Water Mill and Bridgehampton
A few miles east of Southampton is the small village of Water Mill, named for the big gristmill near the town center. The village’s first gristmill was built in 1644. The current one dates to 1800 and now operates as the Water Mill Museum (41 Mill Rd., off Rte. 27, 631/726-4625, www.watermillmuseum.org, 11 a.m.–5 p.m. Thurs.–Mon. June–Sept., adults $3, seniors $2.50). During the summer, the mill still grinds corn and wheat with its all-wooden gears, shafts, and wheel. Also at the museum are various arts-oriented exhibits and events.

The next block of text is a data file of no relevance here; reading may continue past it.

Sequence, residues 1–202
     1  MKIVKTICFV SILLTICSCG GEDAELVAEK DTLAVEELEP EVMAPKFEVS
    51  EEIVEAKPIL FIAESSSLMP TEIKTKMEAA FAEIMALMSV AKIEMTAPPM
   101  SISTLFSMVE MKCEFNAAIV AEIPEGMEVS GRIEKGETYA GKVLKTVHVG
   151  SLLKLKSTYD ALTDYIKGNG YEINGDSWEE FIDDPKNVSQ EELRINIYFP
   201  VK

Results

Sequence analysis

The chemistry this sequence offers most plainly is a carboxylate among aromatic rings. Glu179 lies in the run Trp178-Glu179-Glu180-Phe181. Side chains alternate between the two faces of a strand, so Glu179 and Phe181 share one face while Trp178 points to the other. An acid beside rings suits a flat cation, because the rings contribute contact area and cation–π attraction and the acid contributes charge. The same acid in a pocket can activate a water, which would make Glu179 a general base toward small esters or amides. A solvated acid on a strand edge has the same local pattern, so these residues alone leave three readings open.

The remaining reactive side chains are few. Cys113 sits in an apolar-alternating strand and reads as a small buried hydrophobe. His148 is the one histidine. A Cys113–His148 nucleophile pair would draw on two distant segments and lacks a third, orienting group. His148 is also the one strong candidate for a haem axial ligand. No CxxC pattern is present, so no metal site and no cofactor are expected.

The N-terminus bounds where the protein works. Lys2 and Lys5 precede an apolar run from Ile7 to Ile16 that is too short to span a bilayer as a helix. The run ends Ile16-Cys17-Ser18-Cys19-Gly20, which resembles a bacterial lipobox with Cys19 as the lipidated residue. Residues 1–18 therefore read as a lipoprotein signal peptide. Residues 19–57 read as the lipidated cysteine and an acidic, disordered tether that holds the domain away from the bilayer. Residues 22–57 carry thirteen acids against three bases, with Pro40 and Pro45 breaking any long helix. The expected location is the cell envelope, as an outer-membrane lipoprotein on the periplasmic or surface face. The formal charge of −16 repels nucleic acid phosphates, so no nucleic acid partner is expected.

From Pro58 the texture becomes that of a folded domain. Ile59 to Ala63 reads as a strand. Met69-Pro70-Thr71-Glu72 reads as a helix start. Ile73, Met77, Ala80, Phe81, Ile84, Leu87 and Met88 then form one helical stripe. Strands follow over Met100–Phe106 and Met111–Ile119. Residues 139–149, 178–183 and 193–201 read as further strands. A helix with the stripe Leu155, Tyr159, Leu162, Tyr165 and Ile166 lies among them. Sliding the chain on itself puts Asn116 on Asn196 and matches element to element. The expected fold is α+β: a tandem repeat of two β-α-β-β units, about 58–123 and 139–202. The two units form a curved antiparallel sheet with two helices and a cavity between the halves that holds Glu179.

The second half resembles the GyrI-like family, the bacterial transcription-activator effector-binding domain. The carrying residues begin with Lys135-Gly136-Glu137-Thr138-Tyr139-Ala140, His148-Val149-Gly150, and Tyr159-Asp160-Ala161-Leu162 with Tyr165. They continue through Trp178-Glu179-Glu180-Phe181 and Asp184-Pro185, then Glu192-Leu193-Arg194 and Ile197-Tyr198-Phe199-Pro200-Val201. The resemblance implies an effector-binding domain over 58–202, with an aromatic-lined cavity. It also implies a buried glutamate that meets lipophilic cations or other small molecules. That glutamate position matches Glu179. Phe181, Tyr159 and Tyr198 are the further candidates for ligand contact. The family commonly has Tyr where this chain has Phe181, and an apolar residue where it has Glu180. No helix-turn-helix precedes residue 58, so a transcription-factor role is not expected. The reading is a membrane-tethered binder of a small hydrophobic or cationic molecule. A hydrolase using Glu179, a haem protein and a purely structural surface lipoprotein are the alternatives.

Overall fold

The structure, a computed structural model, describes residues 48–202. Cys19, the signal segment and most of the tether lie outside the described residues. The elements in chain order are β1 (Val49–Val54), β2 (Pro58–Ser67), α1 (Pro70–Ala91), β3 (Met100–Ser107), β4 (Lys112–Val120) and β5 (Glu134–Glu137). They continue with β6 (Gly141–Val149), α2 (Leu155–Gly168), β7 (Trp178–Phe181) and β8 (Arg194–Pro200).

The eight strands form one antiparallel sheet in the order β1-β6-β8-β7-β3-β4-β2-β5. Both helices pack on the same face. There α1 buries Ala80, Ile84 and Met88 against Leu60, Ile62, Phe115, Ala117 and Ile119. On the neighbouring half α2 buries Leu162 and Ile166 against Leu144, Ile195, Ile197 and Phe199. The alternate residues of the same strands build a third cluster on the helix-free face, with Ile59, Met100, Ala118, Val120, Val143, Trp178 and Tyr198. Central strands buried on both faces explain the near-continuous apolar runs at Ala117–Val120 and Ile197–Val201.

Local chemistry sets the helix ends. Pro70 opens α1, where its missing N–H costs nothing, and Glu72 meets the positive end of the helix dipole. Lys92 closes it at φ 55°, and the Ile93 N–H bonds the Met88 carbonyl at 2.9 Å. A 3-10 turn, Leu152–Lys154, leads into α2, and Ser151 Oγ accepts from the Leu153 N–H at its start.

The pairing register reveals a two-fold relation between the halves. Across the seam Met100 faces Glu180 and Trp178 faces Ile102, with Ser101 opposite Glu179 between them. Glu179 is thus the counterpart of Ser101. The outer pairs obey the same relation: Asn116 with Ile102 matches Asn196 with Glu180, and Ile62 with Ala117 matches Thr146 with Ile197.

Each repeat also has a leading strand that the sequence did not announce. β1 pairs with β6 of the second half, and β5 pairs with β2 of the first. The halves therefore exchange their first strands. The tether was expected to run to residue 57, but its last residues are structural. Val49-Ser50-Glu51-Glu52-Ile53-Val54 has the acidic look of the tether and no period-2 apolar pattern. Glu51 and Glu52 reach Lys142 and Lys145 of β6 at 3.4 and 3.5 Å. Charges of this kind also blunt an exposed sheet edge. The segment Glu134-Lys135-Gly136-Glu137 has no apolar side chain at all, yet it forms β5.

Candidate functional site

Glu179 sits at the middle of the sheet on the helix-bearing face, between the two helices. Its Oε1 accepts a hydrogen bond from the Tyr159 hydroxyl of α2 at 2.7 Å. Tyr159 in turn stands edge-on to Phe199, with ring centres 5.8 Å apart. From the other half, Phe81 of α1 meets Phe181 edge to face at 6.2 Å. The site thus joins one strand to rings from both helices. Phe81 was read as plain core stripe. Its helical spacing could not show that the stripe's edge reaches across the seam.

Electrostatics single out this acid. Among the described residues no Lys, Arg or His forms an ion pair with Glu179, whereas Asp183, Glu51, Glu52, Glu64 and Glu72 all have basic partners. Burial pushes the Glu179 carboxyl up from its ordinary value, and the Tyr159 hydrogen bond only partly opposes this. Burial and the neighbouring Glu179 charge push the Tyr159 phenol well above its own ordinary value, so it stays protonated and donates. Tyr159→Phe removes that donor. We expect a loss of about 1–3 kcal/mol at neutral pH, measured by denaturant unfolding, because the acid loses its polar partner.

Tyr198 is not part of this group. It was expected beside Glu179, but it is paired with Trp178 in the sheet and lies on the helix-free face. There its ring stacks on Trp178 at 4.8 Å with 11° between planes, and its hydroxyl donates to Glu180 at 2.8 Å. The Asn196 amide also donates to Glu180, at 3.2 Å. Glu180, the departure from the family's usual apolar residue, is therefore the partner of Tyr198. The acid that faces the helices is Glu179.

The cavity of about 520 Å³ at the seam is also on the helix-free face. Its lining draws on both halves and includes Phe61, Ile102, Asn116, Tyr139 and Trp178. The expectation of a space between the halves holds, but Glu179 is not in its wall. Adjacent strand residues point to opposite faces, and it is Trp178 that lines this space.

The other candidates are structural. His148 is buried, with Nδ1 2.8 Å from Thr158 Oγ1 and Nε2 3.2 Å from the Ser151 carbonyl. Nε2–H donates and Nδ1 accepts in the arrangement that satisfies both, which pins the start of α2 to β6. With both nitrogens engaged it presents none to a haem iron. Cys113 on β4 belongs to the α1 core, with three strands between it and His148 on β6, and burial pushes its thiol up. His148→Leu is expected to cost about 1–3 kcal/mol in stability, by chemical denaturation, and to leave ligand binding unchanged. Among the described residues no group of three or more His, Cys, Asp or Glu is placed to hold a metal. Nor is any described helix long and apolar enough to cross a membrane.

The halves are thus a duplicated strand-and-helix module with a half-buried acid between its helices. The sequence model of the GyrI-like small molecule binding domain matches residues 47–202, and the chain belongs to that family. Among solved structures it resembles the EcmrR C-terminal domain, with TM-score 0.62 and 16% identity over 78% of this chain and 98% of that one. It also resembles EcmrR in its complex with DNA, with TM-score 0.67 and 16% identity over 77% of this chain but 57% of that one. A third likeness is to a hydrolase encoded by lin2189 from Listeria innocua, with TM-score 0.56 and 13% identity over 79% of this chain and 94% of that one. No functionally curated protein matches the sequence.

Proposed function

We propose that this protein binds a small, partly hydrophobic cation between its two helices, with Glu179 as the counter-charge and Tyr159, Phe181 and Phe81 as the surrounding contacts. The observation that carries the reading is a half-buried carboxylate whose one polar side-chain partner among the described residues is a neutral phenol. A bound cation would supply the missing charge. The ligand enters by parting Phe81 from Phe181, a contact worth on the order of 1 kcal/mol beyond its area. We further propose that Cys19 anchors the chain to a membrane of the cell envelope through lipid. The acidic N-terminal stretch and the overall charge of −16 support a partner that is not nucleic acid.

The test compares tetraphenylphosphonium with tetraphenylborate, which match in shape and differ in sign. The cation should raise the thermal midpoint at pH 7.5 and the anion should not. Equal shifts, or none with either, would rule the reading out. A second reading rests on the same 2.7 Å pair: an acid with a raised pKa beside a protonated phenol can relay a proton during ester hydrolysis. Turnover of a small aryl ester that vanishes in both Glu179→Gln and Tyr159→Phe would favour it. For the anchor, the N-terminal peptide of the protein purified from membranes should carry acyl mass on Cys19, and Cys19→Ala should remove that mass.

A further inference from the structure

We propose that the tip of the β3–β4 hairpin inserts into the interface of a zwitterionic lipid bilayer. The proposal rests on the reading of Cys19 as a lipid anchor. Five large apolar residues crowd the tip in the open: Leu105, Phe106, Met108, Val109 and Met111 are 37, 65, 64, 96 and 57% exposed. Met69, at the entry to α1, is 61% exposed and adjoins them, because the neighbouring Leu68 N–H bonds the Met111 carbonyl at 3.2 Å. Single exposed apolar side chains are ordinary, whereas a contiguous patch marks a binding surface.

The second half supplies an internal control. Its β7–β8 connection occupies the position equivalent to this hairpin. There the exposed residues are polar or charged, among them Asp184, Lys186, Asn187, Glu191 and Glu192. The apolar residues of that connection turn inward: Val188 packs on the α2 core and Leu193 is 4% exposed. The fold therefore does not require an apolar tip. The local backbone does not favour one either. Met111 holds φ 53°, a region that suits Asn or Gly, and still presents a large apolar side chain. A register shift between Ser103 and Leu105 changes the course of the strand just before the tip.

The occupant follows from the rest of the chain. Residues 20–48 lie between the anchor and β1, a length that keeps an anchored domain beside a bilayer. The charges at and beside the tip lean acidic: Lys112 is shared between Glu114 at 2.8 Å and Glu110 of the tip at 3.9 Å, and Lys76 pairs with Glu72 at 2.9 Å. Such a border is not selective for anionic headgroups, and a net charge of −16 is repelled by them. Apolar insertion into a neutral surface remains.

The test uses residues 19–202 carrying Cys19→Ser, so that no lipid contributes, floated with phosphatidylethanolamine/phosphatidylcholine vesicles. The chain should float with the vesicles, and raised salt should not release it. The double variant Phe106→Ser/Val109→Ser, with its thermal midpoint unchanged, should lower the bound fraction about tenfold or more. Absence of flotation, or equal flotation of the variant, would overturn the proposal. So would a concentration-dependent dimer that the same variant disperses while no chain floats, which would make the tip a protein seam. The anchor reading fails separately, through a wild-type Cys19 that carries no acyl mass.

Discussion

A few miles east of Water Mill is Bridgehampton, named for a small bridge that was built over Sagg Pond in 1686. During the 1800s, Bridgehampton was known for helping distressed ships at sea. The first headquarters of the Life Saving Service of Long Island was founded here in 1878; it merged with the Coast Guard in 1915. Today, Bridgehampton is another picture-perfect town. Big red-brick buildings line its Main Street, along with a number of antiques shops.
In Bridgehampton, sit indoors or outdoors at Bobby Van’s (2393 Main St., 631/537-0590, $25–35), a place to see and be seen. It was once frequented by the literati, and is now popular with celebs. On the menu is classic steakhouse fare.
© Avalon Travel and Sascha Zuger from Moon New York State, 5th Edition